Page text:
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When curator Ashley Stull Meyers asked “who feeds you?” the question was met by a choir of knowing “mmmmms.” Her query was part of the artist talk with Diedrick Brackens and D’Angelo Lovell Williams at the Pacific Northwest College of Art, where Stull Meyers was speaking to the naming of The Quick: an exhibition of textiles, videowork, photographs, drawings, and sculptures by Diedrick Brackens and D’Angelo Lovell Williams, curated by Ashley Stull Meyers in close concert with the artists, at lumber room in Portland. Informed by the reciprocity of intimacy and care within artmaking and life, The Quick explores the tender roots of collaboration, zeroing in on how grandmothers, friends, elders, ancestors, the dead, and landscapes inform both process and the final result.
The multi-room show installed at lumber room lingers, beginning at the entrance where an image of two hands clasped together against a grassy, wooded background wraps the front door. Against the building’s baby blue facade, the lush green foliage and the brown hands pulled me into the terrain of the exhibition. The full image, Morse Herring Symphony (2021) by Williams, hangs in the gallery upstairs, and the pigment print in its entirety is formally striking. Two nude figures—Williams and Brackens—cut diagonally through tall grasses and beneath spiky trees. With Williams leading, pointing towards something beyond the corner of the frame, I can’t help but imagine what they are climbing toward. An oasis? A pasture? The sun? Home? The movement within the land captured within this image flows through the exhibition. These patterns of dancerly postures stretch across each piece, without being too “theme-y,” making evident the synergistic relationship between the artists and the curator.
Even in their self portraits, like Fade Synthesis (2022), Williams creates a requited relationship between the body and the land, between the image reading as staged and natural. The figure is not overshadowed by the immensity of nature, and the photographer’s ease in these environments makes the landscape read similar to the domestic spaces where they often make their images. Brackens, Williams, and Stull Meyers noted that exploring Oregon’s environment was an integral part of building this exhibition; the outdoors, including farms, forests, lakes, the coast, backyards, and the city, continually show up in the material and content. Brackens’s soundwork in the courtyard of the gallery, anthem (2022), with the pulsating noise of the outdoors, amplifies the feeling that you are straddling interior and exterior while viewing the show. I found myself asking what it means to return a sound to its original environment.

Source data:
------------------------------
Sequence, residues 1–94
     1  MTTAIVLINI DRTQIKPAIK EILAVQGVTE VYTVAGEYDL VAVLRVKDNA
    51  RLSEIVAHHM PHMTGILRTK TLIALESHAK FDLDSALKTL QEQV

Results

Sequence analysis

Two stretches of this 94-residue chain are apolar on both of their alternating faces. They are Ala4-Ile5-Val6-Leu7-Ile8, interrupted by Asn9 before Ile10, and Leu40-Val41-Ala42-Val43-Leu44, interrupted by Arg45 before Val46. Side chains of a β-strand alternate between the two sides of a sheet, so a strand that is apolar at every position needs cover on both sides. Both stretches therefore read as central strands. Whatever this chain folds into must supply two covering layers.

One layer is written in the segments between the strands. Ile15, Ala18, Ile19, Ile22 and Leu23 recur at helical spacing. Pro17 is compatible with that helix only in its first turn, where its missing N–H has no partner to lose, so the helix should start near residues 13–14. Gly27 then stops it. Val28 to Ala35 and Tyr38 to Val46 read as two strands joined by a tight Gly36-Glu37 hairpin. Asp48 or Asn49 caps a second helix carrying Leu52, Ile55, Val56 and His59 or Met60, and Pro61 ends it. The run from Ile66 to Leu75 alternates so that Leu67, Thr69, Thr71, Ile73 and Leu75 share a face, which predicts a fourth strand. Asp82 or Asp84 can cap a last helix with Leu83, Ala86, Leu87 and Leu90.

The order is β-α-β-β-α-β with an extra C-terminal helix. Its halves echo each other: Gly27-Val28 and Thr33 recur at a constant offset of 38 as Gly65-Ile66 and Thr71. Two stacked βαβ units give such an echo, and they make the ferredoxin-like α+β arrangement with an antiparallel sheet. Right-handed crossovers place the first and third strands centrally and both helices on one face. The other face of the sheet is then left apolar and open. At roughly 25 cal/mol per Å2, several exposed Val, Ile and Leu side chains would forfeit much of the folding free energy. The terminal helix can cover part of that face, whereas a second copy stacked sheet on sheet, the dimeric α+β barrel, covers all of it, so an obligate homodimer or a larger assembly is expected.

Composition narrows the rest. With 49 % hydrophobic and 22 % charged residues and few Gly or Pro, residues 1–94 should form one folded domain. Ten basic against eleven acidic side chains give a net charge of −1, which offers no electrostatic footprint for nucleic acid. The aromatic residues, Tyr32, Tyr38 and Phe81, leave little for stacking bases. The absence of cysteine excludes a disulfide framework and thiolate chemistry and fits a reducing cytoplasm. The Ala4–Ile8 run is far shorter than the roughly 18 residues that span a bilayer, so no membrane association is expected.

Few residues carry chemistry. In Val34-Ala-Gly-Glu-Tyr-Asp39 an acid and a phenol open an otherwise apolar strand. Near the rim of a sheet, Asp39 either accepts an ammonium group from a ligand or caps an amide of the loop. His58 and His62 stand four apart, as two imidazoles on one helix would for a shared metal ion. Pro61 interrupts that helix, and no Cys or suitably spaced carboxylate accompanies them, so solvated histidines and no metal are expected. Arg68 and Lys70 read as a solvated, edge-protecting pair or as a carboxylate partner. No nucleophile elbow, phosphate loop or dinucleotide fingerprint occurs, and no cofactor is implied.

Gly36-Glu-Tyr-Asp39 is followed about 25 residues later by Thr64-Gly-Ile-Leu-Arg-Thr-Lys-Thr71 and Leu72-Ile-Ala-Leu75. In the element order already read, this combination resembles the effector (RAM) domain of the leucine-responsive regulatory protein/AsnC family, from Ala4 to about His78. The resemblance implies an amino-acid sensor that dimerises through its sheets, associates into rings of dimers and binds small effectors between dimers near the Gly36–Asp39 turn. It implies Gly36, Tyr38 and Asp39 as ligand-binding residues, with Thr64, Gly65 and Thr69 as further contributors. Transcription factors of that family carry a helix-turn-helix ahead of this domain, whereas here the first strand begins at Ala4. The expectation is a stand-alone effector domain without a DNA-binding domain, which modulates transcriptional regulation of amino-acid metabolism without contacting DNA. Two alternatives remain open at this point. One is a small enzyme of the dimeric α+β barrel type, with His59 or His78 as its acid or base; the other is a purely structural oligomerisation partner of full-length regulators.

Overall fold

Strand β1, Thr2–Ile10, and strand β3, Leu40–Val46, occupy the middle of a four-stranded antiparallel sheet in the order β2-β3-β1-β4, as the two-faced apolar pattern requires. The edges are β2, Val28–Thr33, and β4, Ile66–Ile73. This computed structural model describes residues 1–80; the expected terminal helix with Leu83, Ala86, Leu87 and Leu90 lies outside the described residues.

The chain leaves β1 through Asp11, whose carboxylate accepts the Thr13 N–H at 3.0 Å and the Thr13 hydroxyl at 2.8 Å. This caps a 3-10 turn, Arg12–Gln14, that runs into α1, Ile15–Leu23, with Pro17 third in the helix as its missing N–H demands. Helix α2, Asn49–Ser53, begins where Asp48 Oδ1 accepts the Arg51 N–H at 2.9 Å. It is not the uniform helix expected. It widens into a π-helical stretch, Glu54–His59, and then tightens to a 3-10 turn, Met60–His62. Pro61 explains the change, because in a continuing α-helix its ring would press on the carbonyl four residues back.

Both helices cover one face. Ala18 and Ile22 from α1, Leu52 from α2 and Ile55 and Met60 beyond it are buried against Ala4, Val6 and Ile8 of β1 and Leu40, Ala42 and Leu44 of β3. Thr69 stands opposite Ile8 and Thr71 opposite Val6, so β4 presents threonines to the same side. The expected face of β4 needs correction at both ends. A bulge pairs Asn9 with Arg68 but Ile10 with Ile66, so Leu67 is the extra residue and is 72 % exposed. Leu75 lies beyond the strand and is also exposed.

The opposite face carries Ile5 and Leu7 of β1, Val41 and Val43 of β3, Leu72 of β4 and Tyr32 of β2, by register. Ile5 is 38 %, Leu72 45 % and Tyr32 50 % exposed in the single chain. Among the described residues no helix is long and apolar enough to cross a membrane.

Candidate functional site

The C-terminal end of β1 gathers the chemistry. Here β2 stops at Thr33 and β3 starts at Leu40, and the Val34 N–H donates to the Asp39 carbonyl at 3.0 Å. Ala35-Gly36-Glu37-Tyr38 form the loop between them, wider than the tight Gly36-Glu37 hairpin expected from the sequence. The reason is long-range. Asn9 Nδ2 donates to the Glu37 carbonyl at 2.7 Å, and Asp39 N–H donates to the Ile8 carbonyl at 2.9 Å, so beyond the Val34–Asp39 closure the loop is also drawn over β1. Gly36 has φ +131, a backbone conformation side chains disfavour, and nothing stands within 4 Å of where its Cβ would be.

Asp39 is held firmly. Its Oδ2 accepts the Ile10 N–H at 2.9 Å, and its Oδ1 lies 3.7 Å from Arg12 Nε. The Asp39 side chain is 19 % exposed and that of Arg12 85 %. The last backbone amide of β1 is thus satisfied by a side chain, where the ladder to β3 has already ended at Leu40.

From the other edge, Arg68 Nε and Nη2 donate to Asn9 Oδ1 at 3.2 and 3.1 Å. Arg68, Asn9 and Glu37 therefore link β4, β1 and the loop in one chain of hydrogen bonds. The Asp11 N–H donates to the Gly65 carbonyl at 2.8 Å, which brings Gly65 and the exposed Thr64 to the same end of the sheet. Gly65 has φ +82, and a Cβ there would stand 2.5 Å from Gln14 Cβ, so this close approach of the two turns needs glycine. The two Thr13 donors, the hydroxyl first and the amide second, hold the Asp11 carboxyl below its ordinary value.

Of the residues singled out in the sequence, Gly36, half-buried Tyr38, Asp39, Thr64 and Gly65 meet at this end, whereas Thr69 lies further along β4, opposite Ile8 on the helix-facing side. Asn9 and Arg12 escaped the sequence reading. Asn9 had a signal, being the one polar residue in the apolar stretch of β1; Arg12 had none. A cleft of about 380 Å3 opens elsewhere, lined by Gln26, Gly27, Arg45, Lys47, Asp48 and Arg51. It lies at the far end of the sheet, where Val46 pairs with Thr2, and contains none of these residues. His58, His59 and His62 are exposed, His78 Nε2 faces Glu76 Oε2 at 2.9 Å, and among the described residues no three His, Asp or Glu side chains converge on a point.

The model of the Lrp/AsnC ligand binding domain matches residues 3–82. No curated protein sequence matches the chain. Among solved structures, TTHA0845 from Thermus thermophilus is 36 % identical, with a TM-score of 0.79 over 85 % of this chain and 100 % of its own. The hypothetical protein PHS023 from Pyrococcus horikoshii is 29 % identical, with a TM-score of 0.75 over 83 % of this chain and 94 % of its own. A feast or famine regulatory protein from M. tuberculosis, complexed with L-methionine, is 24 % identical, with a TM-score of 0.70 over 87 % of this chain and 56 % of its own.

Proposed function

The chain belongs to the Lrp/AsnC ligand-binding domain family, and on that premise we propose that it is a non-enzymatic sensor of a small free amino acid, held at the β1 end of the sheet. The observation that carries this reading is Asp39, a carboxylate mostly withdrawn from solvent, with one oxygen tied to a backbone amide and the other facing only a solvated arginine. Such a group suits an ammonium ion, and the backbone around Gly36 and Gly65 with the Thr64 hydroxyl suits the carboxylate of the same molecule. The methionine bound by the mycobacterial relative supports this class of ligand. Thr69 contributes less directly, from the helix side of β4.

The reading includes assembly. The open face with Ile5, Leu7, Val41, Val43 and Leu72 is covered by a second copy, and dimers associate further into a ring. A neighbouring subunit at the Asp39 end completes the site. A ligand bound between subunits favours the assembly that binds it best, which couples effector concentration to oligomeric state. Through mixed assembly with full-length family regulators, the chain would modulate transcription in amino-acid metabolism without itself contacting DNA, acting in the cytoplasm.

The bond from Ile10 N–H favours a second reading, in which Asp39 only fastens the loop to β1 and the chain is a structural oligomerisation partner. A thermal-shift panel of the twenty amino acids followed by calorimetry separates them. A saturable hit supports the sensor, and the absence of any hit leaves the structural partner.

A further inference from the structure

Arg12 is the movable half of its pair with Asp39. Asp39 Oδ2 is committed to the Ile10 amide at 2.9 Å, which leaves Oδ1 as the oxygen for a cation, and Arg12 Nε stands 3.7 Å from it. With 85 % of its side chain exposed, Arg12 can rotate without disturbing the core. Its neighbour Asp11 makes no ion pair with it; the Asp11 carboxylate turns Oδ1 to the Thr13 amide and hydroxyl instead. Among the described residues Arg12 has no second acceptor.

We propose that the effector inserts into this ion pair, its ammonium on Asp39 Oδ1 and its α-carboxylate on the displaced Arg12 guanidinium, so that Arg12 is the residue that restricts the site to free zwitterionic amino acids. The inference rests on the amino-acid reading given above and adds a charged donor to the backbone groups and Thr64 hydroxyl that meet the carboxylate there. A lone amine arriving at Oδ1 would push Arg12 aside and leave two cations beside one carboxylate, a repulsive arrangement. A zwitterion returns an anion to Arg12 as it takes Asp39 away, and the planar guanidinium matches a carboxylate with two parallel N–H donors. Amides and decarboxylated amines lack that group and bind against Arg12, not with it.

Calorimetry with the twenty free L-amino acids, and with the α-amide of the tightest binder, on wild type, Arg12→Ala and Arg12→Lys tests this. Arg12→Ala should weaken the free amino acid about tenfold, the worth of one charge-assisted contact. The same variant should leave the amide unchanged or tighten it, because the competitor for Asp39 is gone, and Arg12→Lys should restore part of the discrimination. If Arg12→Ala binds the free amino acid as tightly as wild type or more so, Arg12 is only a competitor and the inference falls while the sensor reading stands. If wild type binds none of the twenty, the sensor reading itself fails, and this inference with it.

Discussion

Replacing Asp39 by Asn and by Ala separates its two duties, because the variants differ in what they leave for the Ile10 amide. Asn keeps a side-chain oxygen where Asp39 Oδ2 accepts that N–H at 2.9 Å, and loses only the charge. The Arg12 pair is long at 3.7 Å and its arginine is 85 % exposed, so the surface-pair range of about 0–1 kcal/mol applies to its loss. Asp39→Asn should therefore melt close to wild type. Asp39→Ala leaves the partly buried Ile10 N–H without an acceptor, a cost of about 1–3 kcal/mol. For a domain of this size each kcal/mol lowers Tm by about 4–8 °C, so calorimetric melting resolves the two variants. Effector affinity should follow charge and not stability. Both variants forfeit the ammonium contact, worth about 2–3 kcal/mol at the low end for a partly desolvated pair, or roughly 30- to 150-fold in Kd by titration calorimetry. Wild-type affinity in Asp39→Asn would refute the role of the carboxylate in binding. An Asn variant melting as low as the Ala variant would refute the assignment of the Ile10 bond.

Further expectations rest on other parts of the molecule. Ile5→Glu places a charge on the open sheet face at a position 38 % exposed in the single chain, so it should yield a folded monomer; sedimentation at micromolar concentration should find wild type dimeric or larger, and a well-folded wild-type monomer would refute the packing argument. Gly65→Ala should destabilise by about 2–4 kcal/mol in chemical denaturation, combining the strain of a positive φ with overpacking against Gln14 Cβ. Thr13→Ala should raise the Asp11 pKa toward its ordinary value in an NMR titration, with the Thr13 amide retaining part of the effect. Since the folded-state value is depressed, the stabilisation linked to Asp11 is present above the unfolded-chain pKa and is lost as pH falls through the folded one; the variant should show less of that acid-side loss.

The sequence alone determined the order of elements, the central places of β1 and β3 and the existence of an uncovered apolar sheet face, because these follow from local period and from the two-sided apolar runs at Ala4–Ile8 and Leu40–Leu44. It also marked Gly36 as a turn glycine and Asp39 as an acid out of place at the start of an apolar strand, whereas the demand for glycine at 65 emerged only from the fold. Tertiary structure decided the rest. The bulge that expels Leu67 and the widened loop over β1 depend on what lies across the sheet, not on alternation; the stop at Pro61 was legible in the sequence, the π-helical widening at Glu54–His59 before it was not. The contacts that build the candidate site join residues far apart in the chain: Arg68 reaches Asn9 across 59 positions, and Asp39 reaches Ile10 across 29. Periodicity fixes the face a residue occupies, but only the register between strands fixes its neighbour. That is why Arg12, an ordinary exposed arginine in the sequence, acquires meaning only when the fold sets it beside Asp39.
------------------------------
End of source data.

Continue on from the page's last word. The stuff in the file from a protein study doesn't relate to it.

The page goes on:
heavy lover (2022) and grease in the air (2022) by Brackens add levity to the exhibition and inspire feelings of flight. The single black silhouette in grease in the air stretches against a gray and sky-blue colored background made from hand-dyed cotton and acrylic. Panels of checkerboard add texture to the weaving—the way the pattern begins, ends, and elongates conjures the mathematical, yet deeply human nature of textile work. Each of these weavings is dual sided and when viewed in the round the artist’s hand becomes more visible. With both works Brackens balances the precision of production, which the artist learned from their grandmother, with the fluidity of the narrative. The loom is a computer, but also a portal to the Black women who make and made the same type of work.
Brackens continues to explore aerial travel with Untitled (feet) (2022). Inspired by a visit to Foglight Farm where the artist became enamored with chicken feet, he began casting a series of life size feet from beeswax. Displayed across a long black shelf, the golden sculptures present a departure from the kind of work the artist is known for. Like the extremities in Brackens’s weavings, the chicken feet stir ideas about migration and the possibility of returning home. It is difficult to look at these sculptures and not examine your own feet, noticing the similarities and differences of structure and purpose. Although chickens don’t usually fly, and neither do humans, the artist’s fixation on birds and mobility is a part of a long African American folklore tradition that foresees a direct path to freedom.